As we approach the study of any particular bible passage it requires that we study it carefully, using the correct method of interpretation. To put it bluntly, there are two basic methods: (1) the correct method, or the literal method—also known as the grammatical historical method, and (2) the incorrect method, or the allegorical method.
In the literal method, the meaning is determined by studying the grammar of the text and its history. And when we study the text in this way we trust that God has given us, in the text, the normal meaning of the words. For if indeed all scripture is inspired by God and is not of any private interpretation (2 Tim. 3:16; 2 Pt. 1:20), than we must trust that God has brought to us the normal meaning of the text, the meaning that we would gain by carefully looking at its grammar and history.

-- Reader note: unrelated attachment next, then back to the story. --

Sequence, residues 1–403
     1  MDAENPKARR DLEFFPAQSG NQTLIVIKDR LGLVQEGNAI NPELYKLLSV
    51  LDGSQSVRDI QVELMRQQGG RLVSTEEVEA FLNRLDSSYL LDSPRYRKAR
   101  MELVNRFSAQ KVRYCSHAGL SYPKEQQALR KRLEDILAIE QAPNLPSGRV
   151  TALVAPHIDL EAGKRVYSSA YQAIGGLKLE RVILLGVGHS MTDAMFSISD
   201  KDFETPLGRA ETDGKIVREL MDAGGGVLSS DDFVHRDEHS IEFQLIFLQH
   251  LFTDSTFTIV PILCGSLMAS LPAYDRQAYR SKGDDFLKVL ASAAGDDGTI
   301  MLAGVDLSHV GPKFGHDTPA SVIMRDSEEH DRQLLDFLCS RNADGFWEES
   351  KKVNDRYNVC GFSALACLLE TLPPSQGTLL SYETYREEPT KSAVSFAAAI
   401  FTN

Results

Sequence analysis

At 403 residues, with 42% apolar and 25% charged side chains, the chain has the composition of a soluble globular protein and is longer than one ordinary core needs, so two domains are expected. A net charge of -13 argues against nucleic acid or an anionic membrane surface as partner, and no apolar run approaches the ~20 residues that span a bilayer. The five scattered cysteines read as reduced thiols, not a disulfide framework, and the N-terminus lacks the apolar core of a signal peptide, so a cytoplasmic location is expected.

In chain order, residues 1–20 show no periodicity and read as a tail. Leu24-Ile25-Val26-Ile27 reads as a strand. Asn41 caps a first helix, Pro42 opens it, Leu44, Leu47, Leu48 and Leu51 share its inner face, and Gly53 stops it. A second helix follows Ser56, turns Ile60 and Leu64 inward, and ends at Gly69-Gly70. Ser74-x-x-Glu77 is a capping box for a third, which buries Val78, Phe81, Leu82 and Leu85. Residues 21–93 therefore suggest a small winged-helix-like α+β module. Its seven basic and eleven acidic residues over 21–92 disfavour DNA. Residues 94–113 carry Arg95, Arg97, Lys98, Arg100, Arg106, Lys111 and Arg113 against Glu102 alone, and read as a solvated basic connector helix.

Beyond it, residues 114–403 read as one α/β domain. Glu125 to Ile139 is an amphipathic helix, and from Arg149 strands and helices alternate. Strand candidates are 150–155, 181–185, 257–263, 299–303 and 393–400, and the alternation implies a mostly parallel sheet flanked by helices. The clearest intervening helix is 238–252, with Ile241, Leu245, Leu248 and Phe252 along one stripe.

By contrast, those who use the allegorical method start their study by looking at the literal meaning of the text, but then quickly distrust and deny certain parts of the text as they look for a more spiritual and deeper meaning, a meaning that better agrees with their theology.
Therefore, the allegorical method is loaded with danger, in that it takes away the authority of scripture and puts the authority on the spirituality of the interpreter. Hence, with this method the interpreter is not trusting the text, or at least certain parts of the text, as being authoritative; they are rather placing their hopes in themselves as being capable enough or spiritual enough to come up with the correct meaning.
With these things in view we must be careful to always study the bible using the proper literal method, and at the same time, to recognize those using the allegorical method, lest we fall into the same trap they have fallen into. This is true especially when we study the prophetical passages.